Training Zones

*Originally published in my first blog, Exercise Navigator.

I was recently asked about the levels, or zones, that you see on the machines at the gym.  For example, if you’re at x heart rate, then you are in your “fat burning zone”.  What does that mean?

First, let’s remember that heart rate is tied to oxygen consumption.  We discussed that in the post about target heart rate.  Oxygen consumption can be measured through spirometry, which is that apparatus that is used in experiments that measures your breathing and the mix of gases that are expired.  From that, we can calculate how much of the fuel that the body burns is coming from different sources of energy because we know the chemical equations for the reactions that take place.  We burn mostly carbohydrates and fats when we exercise.  Sometimes we burn protein, but if we’re adequately fed we shouldn’t burn too much. 

Scientists talk about a “crossover effect” where the majority of fuel being burned crosses over from the body preferentially burning fat at less than about 65% of maximum capacity to it preferring carbohydrate at above 65% of maximum capacity (Brooks and Mercier, 1994).  

You may be inclined to look at this and think, “I want to burn fat; I’ll stay at less than 65% of capacity.”  I would caution against this, however.  The key here is that we are talking about percentages of fuel burned.  So if you spend 60 minutes at 20% of your max and burn 100 calories, then 50% of those, or 50 calories, are from fat.  You may think that’s great!  However, if you spend 60 minutes at 70% of your max and you burn 500 calories, then 30% of those, or 150 calories, are from fat.  So you are burning more actual fat if you are at the higher percent for your 60 minute workout.  As we discussed last time, up to 82% of max is probably achievable for most healthy people with the talk test.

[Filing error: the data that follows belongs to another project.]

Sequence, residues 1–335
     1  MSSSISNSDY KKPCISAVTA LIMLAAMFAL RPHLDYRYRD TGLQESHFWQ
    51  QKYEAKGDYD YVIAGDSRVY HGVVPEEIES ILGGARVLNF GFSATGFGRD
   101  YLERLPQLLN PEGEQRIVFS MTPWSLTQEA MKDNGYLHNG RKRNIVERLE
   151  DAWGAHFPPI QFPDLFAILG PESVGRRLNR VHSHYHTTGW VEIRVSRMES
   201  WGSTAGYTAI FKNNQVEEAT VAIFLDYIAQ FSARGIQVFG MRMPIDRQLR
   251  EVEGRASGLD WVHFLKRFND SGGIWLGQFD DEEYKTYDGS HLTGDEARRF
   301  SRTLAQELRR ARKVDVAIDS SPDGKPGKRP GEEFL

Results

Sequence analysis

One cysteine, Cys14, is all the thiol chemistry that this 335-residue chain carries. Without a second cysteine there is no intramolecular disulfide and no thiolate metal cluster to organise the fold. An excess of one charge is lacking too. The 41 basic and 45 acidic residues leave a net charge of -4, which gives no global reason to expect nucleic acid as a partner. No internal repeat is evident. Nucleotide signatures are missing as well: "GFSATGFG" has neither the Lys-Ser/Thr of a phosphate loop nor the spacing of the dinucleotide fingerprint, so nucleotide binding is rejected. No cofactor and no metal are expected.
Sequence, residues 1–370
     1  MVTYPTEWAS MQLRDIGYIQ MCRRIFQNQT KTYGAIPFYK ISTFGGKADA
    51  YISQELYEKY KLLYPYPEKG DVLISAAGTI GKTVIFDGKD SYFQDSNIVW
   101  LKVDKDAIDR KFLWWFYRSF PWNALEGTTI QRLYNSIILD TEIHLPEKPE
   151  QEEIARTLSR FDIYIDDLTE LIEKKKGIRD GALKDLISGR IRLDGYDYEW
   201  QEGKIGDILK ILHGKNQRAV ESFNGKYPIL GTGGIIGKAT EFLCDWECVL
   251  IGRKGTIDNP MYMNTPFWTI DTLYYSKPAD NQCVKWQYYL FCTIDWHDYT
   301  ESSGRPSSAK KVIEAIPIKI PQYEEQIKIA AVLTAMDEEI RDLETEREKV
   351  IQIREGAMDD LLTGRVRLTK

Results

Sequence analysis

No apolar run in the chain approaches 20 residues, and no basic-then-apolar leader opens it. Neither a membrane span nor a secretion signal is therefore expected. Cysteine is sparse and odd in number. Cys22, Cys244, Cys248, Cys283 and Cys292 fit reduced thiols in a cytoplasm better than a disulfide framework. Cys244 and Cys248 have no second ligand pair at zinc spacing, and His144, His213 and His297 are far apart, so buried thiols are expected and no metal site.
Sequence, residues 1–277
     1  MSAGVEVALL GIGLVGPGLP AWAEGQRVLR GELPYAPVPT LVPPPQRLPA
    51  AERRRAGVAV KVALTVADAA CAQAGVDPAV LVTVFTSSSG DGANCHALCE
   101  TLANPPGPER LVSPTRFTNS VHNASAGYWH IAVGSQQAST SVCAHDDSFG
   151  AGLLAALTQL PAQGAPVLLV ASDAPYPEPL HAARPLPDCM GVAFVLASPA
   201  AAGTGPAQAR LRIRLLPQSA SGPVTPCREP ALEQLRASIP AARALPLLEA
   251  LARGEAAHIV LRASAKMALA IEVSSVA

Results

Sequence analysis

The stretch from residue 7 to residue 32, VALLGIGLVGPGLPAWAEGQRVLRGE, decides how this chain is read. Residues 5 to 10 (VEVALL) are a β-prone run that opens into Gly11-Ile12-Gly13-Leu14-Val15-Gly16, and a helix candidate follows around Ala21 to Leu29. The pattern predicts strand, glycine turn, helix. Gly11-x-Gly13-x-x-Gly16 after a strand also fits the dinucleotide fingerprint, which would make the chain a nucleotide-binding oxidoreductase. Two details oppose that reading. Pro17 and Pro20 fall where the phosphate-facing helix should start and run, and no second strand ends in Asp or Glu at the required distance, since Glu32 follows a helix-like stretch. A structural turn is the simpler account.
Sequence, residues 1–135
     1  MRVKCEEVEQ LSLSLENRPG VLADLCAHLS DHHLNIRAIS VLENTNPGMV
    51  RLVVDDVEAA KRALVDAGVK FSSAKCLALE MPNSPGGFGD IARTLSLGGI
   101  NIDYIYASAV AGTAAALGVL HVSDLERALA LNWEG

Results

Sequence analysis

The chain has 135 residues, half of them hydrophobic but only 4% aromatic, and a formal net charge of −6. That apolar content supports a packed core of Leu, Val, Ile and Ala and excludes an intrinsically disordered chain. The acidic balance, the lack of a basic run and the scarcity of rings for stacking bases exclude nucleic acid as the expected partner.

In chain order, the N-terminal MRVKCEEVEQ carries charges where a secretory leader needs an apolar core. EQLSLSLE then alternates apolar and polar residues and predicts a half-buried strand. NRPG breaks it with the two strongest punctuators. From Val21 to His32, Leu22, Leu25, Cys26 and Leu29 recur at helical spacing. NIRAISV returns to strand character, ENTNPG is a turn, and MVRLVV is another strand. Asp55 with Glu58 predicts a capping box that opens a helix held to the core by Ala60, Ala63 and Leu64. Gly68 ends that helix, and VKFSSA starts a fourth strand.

So, the bottom line is that the “zones” on the cardio machines are just a big trick!  Keep your heart rate in that comfortable “talking zone” and use it to track your progress as mentioned last time and you will be off to a great start!

Here’s to happy and smart training!